It’s the way software used to be purchased, and often still is.
A CEO, or GM, or line-of-business owner calls into IT, and the security and compliance teams, to let them know that they are purchasing a new piece of software to drive innovation in how they deliver their products or services. Because the software needs to be customised, integrated and controlled in the company’s on-prem or cloud environment, the IT team needs to deploy it and the security team needs to secure it.
The problem is that IT, security, and compliance are already behind. As the “Defenders” of the business, they must now apply multiple other third-party products to that application in order to to gain fine-grained control over who accesses it and what data they can access. While a growing body of regulations state that security and privacy must be implemented “by design,” they didn’t design the application that the “Builders” delivered. At this point, everything they do is fundamentally an afterthought.
The conundrum of the defender
The job of the Defender is a difficult one, because security and privacy as an afterthought creates both complexity and vulnerability. The complexity comes especially from security products needing to be customised in order to function in lockstep with the application whose data they are protecting. The larger and more complex the application to protect, the more you have to invest to configure and maintain the products that secure it.
Vulnerabilities arise because between the application and the security products meant to protect it, there are seams—gaps in communication, coordination, and capability that occur naturally when two systems that are constantly evolving occupy two different infrastructure spaces. It is those seams that endlessly produce new exposure every day.
More vulnerabilities lead to more security products, which lead to more complexity, and you can see where this is going. Large enterprises own an average of between 50-70 security products, and lack the personnel and resources to marshal those products to deal with the sometimes hundreds of thousands of open vulnerabilities that have been created by the patchwork.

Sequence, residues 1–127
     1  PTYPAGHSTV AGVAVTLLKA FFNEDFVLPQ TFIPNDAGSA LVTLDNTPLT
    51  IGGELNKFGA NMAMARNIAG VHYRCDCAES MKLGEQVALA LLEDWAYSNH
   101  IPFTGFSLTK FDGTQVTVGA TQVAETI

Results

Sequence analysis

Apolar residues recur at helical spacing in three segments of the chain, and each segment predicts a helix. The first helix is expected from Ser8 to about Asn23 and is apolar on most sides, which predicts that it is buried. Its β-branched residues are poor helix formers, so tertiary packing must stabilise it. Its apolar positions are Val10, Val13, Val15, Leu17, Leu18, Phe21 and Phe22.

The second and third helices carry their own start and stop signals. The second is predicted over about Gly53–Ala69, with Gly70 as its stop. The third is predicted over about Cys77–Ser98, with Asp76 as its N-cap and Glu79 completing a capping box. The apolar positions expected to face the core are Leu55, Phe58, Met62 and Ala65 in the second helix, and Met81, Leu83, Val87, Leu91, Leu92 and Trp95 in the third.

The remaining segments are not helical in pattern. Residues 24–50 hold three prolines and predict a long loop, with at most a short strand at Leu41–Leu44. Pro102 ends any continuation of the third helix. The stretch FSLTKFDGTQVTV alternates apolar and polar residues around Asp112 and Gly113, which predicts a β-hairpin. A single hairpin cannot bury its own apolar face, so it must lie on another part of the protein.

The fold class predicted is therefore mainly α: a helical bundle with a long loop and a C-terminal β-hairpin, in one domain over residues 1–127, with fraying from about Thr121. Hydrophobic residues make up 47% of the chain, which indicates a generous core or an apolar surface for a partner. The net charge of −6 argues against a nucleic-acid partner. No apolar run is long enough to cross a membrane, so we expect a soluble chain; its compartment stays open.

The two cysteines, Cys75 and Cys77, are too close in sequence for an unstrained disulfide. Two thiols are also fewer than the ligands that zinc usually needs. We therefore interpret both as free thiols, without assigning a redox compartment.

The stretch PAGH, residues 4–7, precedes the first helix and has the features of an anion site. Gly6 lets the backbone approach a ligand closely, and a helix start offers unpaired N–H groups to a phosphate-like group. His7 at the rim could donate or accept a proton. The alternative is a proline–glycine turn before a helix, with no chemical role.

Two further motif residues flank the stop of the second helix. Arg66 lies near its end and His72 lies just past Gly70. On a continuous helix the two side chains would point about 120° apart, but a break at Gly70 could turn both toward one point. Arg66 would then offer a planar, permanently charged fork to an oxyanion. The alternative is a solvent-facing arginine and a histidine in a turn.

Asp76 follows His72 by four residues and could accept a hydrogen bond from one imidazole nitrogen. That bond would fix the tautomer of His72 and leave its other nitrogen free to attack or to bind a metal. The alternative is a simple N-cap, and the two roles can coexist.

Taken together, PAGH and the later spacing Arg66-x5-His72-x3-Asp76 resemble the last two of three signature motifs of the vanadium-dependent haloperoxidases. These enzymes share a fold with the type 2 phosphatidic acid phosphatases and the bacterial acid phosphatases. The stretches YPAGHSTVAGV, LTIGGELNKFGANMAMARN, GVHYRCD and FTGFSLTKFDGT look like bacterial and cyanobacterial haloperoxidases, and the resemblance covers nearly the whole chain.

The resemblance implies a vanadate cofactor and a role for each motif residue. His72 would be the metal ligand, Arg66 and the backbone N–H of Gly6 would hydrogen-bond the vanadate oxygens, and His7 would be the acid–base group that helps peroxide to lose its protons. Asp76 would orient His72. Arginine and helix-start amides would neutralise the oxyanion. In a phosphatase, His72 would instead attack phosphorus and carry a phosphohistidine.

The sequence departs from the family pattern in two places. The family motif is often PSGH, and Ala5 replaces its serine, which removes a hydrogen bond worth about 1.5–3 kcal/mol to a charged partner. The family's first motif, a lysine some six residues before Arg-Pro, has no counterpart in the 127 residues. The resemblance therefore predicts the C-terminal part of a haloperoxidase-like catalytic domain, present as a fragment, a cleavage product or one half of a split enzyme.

Where this is reflected in the business is that spending on cybersecurity increases every year, but that spending appears to be doing nothing to stem the tide of data breaches and privacy exposures, which are expanding at an even faster rate.
Enter the builders
The perspective of the developer, the Builders of applications, has changed. More and more, requirements around managing performance, reliability, and scalability have migrated into development processes as dev-ops and cloud infrastructure have gone mainstream. Security has followed suit, as progressive developers and dev-ops teams have adopted the mantra that the secret to fighting this battle is to get more involved in security upfront.
The initial steps in this movement have been focused on decreasing the coding of vulnerabilities, meaning that tools have been introduced into the application assembly line that analyse code for security weaknesses and prompt developers to address those weaknesses before applications get released.